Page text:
Some Red Sox fans are doubly happy this week: not only did their team win a World Series, but they also get a rebate on the furniture they bought during a special Red Sox incentive deal last spring.
Hopefully none of them got a brown couch whose color is described, on its tag, with the use of the n-word.
That’s what happened to a Toronto woman in named Doris Moore. According to this A.P. article, Moore’s seven-year-old daughter found a tag on the couch reading “N—– brown” and asked her mother what the n-word meant.
How did this happen? The A.P. article explains:
Kingsoft Corp., a Chinese software company, acknowledged its translation program was at fault and said it was a regrettable error.
“I know this is a very bad word,” Huang Luoyi, a product manager for the Beijing-based company’s translation software, told The Associated Press in a telephone interview.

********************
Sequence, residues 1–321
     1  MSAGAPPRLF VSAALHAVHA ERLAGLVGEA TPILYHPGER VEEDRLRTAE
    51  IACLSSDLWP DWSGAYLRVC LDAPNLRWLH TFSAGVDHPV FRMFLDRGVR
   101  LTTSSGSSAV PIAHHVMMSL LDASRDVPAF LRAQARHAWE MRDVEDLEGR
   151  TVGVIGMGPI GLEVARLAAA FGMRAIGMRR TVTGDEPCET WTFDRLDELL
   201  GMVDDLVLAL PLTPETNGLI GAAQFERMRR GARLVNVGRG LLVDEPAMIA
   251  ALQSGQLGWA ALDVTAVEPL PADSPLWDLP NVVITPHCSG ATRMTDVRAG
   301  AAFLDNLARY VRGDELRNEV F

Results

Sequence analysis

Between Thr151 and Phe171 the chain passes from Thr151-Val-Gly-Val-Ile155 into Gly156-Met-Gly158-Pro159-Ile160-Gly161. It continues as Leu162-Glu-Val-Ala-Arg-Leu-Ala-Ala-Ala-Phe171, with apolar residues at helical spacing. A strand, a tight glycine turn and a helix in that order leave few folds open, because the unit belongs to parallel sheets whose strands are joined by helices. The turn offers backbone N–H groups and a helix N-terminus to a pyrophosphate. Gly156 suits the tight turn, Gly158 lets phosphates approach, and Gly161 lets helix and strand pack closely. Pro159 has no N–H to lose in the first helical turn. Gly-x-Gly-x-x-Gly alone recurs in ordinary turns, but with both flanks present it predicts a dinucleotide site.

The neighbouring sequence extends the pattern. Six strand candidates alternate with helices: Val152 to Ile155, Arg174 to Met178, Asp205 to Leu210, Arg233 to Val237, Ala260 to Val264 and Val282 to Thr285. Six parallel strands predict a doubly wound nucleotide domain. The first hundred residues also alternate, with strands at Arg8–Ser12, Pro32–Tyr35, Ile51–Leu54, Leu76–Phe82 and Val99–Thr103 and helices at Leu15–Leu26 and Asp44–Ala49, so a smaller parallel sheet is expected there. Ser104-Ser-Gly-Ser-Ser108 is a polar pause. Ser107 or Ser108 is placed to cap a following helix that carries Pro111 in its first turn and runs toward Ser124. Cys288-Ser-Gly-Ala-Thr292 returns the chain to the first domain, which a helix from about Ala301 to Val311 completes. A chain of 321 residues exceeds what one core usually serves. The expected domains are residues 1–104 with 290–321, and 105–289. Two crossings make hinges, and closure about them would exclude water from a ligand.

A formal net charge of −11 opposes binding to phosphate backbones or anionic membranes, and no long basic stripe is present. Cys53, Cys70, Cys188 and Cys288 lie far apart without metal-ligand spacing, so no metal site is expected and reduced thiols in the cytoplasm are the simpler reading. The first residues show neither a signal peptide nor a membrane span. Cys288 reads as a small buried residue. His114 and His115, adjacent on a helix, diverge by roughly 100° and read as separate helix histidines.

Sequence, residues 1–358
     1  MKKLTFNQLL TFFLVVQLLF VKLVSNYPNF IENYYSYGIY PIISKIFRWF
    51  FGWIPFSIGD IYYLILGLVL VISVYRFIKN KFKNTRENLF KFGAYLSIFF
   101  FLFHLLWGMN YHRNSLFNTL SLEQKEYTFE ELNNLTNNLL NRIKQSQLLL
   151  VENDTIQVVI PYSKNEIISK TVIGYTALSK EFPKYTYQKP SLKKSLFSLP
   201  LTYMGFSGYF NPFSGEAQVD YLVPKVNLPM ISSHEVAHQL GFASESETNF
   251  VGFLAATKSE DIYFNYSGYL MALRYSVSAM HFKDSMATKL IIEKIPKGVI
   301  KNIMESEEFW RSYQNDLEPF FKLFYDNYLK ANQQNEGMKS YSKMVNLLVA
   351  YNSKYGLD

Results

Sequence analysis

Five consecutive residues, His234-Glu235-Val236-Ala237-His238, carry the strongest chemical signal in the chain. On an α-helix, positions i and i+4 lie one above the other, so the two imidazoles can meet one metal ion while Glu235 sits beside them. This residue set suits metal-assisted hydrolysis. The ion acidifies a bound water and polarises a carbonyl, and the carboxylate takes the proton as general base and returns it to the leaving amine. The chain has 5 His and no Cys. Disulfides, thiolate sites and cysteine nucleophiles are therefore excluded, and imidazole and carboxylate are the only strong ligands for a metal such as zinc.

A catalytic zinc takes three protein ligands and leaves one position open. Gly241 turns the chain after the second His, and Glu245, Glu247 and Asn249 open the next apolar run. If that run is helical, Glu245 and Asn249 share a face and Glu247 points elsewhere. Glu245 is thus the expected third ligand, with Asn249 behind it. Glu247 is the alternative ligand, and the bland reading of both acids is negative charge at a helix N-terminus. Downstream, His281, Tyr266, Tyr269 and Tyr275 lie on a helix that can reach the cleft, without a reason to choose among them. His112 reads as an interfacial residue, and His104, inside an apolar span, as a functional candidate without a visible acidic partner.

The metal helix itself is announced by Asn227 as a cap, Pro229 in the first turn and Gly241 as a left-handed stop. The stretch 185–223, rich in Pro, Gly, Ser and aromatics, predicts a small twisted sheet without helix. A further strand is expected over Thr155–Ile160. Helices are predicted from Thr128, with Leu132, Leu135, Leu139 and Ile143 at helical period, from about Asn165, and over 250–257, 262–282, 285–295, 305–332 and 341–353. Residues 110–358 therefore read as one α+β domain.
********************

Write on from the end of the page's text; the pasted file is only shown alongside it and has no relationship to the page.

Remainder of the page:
He explained that when the Chinese characters for “dark brown” are typed into an older version of its Chinese-English translation software, the offensive N-word description comes up.
“We got the definition from a Chinese-English dictionary. We’ve been using the dictionary for 10 years. Maybe the dictionary was updated, but we probably didn’t follow suit,” he said.
Moore, who is black, was shocked and chagrined by the incident. She filed a report with the Ontario Human Rights Commission and has gone so far as to meet with a lawyer to consider seeking compensation. As she explains: “I had friends over from St. Lucia yesterday and they wouldn’t sit on the couch.”
(Hat tip: Elka Shmelka.)